I stepped inside the Starbucks, expecting a cool blast of air, but found none. I was almost slightly relieved. This practically gave me permission to get the coffee, all things (and balance of suffering) considered.

"Progress report!" my purse demanded again, and this time, the man in line ahead of me whipped around and shot me a look. I gave the startled deer in headlights look and innocent silent shrug. He narrowed his eyes at me, anyway. I now knew, however, that this wasn't all in my mind.

"Just smile and wave, boys, smile and wave," my purse advised.

Now the man's eyes widened. After another look at me, he turned away and edged forward slowly, away from me.

I stuck my hand in my purse and began feeling around as nonchalantly as I could. The demands and advice grew more insistent, "Progress report! Smile and wave! Progress report! Smile and wave!" My hand landed on a small, hard toy. I pulled it out.

A Madagascar 2 Happy Meal Penguin toy.

I pushed the button on its back, "Progress report!" I pushed it again, "Just smile and wave, boys, smile and wave."

"Ohhhhhhhhh," I exhaled in enlightened wonder.

In front of me, the man's shoulders shook a little.

I stuffed the penguin back in my purse, wait, maybe it would keep talking. I pulled it out and inspected it. Ah ha, an off switch. I stuffed the muted penguin back in my purse.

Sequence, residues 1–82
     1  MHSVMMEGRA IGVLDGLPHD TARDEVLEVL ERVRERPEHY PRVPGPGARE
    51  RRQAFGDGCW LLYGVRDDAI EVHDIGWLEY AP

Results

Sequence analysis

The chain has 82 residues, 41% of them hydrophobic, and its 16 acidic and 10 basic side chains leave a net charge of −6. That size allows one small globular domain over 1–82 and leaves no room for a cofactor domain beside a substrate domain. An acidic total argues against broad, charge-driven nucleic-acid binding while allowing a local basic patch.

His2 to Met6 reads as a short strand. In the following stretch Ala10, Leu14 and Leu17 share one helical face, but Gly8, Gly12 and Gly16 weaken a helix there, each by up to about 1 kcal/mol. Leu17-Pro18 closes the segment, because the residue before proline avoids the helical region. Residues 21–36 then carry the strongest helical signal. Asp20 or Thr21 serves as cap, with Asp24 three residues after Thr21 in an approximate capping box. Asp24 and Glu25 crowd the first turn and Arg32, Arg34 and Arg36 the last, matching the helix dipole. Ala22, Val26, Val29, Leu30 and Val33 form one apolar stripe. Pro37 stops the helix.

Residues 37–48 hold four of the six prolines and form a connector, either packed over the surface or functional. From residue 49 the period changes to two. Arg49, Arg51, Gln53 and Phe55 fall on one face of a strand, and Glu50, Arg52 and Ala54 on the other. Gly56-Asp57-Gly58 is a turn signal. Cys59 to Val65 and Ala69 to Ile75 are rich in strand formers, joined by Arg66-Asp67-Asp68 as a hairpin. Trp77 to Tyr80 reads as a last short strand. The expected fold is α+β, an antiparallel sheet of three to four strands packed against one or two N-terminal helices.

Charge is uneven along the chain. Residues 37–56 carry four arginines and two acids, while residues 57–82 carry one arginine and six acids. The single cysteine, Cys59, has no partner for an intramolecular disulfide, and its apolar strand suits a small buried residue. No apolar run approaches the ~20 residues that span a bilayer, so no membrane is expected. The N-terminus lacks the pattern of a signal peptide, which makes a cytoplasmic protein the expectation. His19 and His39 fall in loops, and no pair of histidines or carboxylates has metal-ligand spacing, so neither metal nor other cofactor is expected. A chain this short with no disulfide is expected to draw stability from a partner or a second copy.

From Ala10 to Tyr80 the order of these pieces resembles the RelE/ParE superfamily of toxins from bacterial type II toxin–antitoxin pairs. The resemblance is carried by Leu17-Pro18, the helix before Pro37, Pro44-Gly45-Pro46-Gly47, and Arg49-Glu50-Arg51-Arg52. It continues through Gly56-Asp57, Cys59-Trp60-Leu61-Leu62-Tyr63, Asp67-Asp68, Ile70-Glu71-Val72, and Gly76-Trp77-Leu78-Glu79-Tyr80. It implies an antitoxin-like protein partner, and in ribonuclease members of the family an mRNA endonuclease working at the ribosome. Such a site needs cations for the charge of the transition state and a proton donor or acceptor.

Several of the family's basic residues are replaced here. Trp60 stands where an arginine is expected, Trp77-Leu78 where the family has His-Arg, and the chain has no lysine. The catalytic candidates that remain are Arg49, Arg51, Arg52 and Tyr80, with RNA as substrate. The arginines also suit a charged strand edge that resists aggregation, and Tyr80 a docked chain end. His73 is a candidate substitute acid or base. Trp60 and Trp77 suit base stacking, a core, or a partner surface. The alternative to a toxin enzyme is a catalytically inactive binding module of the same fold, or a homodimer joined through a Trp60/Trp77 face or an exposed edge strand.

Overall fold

But it's not nice to ignore the universe. It will get your attention, one way or another. And that's why it makes perfect sense that later that night, the cats peed on my business suit.


Yolanda said…
That was absolutely divine, in every sense of the word.

Now get your screenwriter hat on because I feel a blockbuster coming on. A busy mom who receives divine messages via her purse?! Sounds 100-times better than Bruce Almighty.
Anonymous said…
Universal balance. I get it.
Kyla said…
Mmm-hmmm. Perfect sense.
Major Bedhead said…
I like your theory. Makes complete sense to me.

We had the giraffe from that Happy Meal push. It, sadly, didn't seem to have an off switch so it met with an unfortunate accident.
Meghan said…
I'm not sure, but this post seemed even funnier to me knowing that we were on the phone either right before or right after this incident. LOL
In fact, I think this is so funny that I am going to locate one of the 5 Madagascar penguins that continue to float around my house and put it in my purse. Just in case the universe needs to get in contact with me.
Either that or in the dishwasher. Because really, if the universe wants to get MY attention it's going to have to be one of those two places. LOL
And you already know my feelings on kitty litter.
You rock Julie, keep on keepin on.
Ms. Skywalker said…
....and that is why I don't have cats. :)
Magpie said…
I thought your purse was "speaking" metaphorically, until I got to the end. Yeah. It makes perfect sense.
Julie Pippert said…
Maggie, my life is both 100% metaphor and 100% literal, which makes perfect sense for a Liberal Arts major even if not for a math major LOL!

Jenn, awww but they are so cute, these kittehs. lol

Meghan, it has come in super handy. The kids were driving me crazy in the car one day and I whipped it out when I ran out the desire to say ANYTHING to them, and said, "Kids, here's what i say to THAT," and I punched that penguin who chirped "SMILE AND WAVE BOYS."

Major, we have balloon euthanasia and toy mercy killings here often. So I understand.

Kyla and Annie, knew you'd get it.